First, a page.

NIA CHARLESTOWN NEVIS (June 23, 2016) — Director of the Nevis Disaster Management Department (NDMD) Brian Dyer says the first of a number of sub-projects under the St. Kitts and Nevis Human Resource Development Sector Project, funded by the Basic Needs Trust Fund (BNTF) programme, has improved the island’s level of preparedness in the workplace.
Dyer made the comment in an interview with the Department of Information on June 23, 2016, on the heels of a two-day workshop on June 14-15, 2016, for civil servants and shelter managers entitled Disaster Risk Mitigation Practices Project. It was held in collaboration with the local Red Cross branch and focused on First Aid and cardiopulmonary resuscitation (CPR).
“It went well. We had 15 participants on the first day for shelter managers and 20 civil servants on the second day. It has enhanced our level of preparedness in the work place and by extension in the communities,” he said.
According to the disaster management official, a number of other initiatives are planned through to October under the BNTF-funded project. A second workshop for civil servants will target occupational health and safety.
Other projects include a School Emergency Response Team Training and a Multi-Media Campaign.
Dyer explained that the training targeting schools is intended to develop an emergency response team to strengthen school safety. However, the media campaign will assist with community awareness and education. It will entail a multi-hazard survival guide and tsunami evacuation plan, including maps and assessing the community’s readiness.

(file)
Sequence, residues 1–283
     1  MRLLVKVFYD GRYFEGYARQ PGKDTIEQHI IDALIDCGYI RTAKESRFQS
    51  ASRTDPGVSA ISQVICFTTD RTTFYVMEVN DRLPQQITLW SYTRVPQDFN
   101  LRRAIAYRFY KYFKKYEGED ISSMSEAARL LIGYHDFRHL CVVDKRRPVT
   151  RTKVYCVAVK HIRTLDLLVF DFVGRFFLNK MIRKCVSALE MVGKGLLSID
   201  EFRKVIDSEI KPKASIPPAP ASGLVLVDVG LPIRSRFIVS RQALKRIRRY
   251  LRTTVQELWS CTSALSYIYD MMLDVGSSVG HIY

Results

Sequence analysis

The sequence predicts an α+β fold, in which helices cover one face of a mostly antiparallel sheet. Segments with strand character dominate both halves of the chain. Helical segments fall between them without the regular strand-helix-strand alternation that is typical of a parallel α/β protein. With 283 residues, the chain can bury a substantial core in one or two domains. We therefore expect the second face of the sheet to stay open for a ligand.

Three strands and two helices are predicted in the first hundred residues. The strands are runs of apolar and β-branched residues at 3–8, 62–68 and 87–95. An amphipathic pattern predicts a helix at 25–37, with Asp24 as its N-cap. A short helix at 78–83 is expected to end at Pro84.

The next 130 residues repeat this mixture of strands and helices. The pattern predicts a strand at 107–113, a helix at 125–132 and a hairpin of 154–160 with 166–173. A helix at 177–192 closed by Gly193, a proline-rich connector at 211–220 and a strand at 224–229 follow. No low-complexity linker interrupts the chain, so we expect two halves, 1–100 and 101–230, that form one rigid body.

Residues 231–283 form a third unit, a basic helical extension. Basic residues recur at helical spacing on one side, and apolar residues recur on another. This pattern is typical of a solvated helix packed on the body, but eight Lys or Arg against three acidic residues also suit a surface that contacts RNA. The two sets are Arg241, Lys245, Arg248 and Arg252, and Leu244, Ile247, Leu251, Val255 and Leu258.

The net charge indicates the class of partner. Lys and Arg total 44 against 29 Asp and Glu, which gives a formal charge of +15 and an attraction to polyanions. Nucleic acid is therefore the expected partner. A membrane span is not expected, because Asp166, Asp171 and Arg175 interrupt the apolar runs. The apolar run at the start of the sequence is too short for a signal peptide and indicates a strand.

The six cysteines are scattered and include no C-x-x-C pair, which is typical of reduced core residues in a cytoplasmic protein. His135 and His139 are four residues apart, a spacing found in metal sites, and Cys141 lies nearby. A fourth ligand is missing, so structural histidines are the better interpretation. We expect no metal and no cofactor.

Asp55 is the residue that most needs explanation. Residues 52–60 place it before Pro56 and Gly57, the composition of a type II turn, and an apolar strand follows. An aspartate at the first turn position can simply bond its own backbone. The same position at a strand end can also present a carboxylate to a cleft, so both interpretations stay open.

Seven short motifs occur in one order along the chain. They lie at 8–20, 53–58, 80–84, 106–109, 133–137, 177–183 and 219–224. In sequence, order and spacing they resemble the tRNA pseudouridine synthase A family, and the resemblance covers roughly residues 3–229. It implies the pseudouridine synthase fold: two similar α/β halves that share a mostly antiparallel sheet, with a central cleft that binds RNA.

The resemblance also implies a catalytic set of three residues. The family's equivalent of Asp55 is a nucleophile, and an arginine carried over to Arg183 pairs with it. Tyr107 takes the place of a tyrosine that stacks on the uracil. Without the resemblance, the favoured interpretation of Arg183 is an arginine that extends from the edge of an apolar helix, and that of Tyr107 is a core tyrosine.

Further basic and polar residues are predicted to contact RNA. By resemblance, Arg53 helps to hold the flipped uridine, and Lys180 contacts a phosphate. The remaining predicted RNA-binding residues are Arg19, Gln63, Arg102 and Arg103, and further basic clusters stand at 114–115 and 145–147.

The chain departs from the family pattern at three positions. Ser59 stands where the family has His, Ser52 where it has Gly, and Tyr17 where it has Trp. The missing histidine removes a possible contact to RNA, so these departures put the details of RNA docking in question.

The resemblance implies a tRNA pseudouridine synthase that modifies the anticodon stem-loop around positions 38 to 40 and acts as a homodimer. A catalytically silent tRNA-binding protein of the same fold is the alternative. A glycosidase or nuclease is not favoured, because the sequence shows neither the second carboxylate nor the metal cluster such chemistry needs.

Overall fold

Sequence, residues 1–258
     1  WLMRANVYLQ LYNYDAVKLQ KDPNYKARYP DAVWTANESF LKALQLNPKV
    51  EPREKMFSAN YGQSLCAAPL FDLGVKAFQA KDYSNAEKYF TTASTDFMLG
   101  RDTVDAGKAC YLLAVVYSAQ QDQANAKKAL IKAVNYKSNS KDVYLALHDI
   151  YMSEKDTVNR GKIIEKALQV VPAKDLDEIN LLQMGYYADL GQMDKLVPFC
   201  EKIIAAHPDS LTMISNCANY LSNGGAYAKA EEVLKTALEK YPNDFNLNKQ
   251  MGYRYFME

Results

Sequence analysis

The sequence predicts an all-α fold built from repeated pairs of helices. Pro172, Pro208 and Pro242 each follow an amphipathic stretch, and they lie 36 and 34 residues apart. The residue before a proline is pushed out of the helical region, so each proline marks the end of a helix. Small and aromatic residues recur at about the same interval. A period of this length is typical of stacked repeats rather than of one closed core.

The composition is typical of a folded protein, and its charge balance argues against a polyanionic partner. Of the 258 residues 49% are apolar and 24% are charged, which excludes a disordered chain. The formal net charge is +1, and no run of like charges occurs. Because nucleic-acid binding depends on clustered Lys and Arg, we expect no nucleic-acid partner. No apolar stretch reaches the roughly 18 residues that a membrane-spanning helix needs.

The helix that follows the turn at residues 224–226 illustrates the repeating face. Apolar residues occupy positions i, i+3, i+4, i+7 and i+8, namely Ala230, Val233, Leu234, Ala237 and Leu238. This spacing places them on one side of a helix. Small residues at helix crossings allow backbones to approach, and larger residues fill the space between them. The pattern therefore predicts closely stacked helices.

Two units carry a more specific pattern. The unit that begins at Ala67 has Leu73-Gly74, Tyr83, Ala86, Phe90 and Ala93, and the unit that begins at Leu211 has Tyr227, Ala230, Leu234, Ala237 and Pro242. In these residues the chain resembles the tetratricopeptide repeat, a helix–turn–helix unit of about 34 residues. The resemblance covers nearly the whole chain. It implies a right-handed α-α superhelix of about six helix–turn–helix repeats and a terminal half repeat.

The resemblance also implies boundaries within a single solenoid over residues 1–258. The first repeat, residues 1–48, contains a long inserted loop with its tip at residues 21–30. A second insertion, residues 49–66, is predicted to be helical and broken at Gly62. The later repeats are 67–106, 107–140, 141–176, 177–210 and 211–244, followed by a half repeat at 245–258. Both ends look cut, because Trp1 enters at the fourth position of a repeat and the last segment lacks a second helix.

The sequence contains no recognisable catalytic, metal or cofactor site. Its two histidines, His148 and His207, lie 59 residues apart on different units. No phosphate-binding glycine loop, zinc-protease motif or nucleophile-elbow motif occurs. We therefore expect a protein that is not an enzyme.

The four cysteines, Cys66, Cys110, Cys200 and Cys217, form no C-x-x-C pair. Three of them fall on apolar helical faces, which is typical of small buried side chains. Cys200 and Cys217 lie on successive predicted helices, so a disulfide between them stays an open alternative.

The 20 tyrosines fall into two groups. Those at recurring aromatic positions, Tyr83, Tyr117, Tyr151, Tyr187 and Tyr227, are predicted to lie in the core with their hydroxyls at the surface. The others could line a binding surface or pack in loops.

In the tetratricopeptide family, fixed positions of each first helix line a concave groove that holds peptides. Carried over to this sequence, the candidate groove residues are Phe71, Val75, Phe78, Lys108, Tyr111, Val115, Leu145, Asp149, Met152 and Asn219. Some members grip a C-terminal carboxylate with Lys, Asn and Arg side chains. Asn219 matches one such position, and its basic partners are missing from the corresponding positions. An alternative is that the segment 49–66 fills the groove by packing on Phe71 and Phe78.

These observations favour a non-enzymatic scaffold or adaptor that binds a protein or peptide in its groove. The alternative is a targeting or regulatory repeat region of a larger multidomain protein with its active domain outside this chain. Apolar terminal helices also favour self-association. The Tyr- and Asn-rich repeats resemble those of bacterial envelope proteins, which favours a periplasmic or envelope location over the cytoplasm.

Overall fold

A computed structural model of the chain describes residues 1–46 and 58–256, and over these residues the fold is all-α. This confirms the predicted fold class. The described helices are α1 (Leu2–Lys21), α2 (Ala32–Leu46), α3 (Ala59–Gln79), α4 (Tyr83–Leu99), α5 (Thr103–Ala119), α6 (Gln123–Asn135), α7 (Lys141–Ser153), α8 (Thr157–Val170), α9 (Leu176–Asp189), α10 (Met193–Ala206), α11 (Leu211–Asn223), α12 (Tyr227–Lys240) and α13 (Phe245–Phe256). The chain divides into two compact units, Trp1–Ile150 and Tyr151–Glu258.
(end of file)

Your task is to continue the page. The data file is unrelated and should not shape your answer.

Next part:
He said a number of surveys will be conducted to assess the community’s readiness and signs displaying assembly points and evacuation routes in the event of a tsunami will be erected in strategic areas.
Meantime, Red Cross instructor and health educator Nurse Roxanne Brookes who led the first training session said the overall objective of the training session was to teach persons what they should do in case of emergencies until medical help arrives and takes over.
The topics included: How to respond to drowning incidences; road traffic accidents; how to move an ill or injured person and this is very important, especially as it relates to road traffic accidents; and sudden illnesses in the work place, if someone suddenly collapses what can a co-worker do until medical help arrives or until you get that person to emergency services.
Nurse Brookes called on other sectors of the community who are desirous of benefiting from the training to contact the Red Cross. She said one of the organisation’s goals, is to have a better, well-prepared community which is in line with other international organisations like the World Health Organisation (WHO) and the Pan American Health Organization (PAHO),
“When we teach First Aid, it is not just for the particular group… When we train, the objective is that in the case of any incident, in the case of a natural disaster, that our community is so well prepared, that they are equipped until medical help is available until the infrastructure is back up or until external forces, if necessary, come in to help us.
“The importance is building capacity within our different communities in the workplace, schools, etc.,” she said.